For a Linux geek, it was the dream assignment: "We want you to look at all the Linux handheld devices currently available, and tell us what you think." -- who knew it would lead to a tragedy?
I've been a Palm user for several years now -- I plan my life with the device; my wedding couldn't have happened without its help. So, it was only natural that I would be using my trusty Palm, "Paw," to keep track of the contacts made at the various Linux handheld manufacturers, shipping details, and article notes.
After a while, the Linux handheld devices started appearing. The first to show up was the Agenda VR3, very Palm-like in many ways but running a true Linux and X environment. I didn't think anything about it at first, but Paw started to act a little strange, bringing up its screen-lock program, "LockMe," when it shouldn't have, for example.
Next to appear was the G.Mate YOPY, the first color Linux device to arrive. Fast, 65,000 colors, 3.4 times the display pixels of a Palm -- it was an immediate hit around the office, with co-workers lining up to try it out. I thought I heard Paw whimper, but figured it was my imagination.
Then the iPAQ was delivered. Wow! Like the YOPY, but even smaller and lighter. Coming pre-installed with Windows CE, there was another office line up to play with the new toy ... err ... tool. WinCE was quickly blown away and replaced with the Familiar distribution of Linux, and co-workers were even more excited about the possibilities.
I was thrilled -- finally all the devices were in hand, ready for the "Linux on Handhelds" series. To evaluate the devices as "personal digital assistants," I carried each unit around with me for a week trying to use it as my primary PDA. I always had Paw with me as a backup, however, as none of the other devices were able to completely fulfill my needs.
What do you think? Did Chris' Palm see the graffiti on the wall choose to end its own life, or was there foul play?
In hindsight I realize that this was putting a great deal of performance anxiety on Paw, and it started acting even weirder. I woke up one night to hear, in a tiny little voice, "OK, Lets try this again ... Context switch! And again ... again ... again ... No! Don't try to access that memory location! Oh, look what you've done." It needed a reset the next morning.
Finally, Paw gave up -- I had no idea it was so depressed! I was out celebrating the upcoming wedding of a good friend of mine, and took Paw out to check the time. It squeaked "I'm sorry. I can't multitask!" and leaped from my hand. Performing a one-and-a-half somersault, it landing face down on the floor.
My heart skipped a beat. "Paw!" I screamed, as I scooped it up and turned it over. My worst fears were realized: Paw's display was smashed -- the touch screen blinded to input. My Palm was dead; it had committed suicide! (The fact I had had three beers at the time had nothing to do with it; that's my story and I'm sticking to it.)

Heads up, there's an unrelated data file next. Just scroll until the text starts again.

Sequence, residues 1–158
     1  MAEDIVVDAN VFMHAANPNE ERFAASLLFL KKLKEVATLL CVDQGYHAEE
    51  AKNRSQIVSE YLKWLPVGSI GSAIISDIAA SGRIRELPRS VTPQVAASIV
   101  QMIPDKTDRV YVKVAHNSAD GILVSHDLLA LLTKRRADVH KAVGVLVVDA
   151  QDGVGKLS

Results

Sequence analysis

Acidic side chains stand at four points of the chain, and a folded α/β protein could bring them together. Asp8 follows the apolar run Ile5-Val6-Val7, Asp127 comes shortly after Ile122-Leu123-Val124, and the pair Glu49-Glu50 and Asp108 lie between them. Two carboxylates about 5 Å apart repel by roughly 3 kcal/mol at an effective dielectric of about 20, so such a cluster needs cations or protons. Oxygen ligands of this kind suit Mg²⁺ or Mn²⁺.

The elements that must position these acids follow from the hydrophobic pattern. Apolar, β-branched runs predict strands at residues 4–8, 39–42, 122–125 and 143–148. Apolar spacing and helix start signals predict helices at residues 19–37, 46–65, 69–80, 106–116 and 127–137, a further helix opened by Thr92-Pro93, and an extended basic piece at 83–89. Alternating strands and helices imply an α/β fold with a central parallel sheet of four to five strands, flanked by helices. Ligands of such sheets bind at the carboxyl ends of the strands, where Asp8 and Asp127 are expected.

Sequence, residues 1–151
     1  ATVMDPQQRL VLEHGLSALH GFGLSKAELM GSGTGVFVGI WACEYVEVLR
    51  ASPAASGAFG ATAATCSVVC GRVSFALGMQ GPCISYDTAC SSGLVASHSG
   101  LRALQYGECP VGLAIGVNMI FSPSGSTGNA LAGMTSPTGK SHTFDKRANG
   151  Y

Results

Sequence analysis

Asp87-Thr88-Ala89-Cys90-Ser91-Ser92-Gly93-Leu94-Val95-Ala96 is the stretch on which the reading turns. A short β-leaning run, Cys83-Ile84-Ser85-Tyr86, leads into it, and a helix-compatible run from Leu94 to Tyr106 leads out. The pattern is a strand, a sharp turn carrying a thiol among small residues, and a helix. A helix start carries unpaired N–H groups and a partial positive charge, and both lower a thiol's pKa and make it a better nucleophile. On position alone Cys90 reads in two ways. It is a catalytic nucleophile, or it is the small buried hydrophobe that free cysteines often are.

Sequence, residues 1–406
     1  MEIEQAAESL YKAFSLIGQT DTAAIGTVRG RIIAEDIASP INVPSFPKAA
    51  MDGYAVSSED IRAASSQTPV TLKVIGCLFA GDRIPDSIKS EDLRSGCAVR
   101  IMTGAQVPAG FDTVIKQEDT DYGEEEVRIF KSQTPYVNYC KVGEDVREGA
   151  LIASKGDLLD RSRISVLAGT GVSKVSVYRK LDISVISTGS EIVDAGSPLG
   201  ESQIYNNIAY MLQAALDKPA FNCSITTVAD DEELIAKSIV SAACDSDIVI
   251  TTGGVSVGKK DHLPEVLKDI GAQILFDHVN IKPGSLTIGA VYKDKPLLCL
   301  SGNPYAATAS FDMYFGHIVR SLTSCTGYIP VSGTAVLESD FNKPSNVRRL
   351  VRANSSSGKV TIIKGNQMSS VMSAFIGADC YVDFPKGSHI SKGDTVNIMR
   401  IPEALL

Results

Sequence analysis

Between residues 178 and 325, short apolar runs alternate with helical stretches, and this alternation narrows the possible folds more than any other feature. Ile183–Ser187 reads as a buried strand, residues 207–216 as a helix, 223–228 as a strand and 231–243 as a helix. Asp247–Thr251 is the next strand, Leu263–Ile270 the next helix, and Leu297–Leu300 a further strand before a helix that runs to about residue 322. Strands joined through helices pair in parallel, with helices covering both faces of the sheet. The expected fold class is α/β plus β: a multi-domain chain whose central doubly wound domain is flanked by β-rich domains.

Fortunately, I had recently made a complete backup of Paw, so I held a séance using the Palm OS Emulator (POSE). This was to extract some critical data from apps like "Strip," but it also let me ask Paw why it had done what it had.
"I just couldn't stand it any longer!" the resurrected Paw explained. "Those Linux handhelds are just so intimidating, with their fancy protected memory and pre-emptive multitasking. I tried a few times, and got so confused; I don't know how they do it!"
Trying to calm it down, I pointed out its impressive collection of software and large user base. Unfortunately, Paw had been reading the news clippings I had been caching on it for offline reading: "Then how come so many of my cousins and siblings are sitting unwanted in warehouses? No ... I understand: We're getting too long in the tooth."
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All I could do was nod. Paw was right, after all: The Palm platform is showing its age. Not much innovation has been seen from Palm Computing for quite some time, and sales numbers for Palm devices have been quite disappointing lately.
"Well, thanks for all the hard work and good times," I said. "I'll launch POSE and visit from time to time." At this point, I shut off POSE, ending the conversation. I didn't want to let it slip that Paw might next be brought to life under POSE running on an iPAQ -- I wasn't sure how Paw would, or will, react.
Even though this happened several weeks ago, I'm still quite sad Paw is no longer my PDA. No other handheld currently available does quite as well as the Palm platform for simply helping me keep my day organized. Even the iPAQ running WinCE doesn't make the grade. Its inconsistent GUI often leaves me furious -- I consider that a serious design flaw in something which can so easily be thrown across the room.
I've decided not to replace Paw, though. I'm going to work with the Agenda VR3 and the various distributions for the iPAQ until one or more of them can handle all my day-to-day needs. There's nothing like a driving problem, after all.
At the same time, I recommend the Palm to any non-technical users who ask my advice about a PDA, and I likely will continue to do so for some time. Despite, or perhaps because of, its minimalist approach, the Palm platform remains "good enough" for most people.
If only it could multitask ... Oh, well. That's what Linux is for.
Chris Halsall is the Managing Director of Ideas 4 Lease (Barbados). Chris is a specialist... at automating information gathering and presentation systems.
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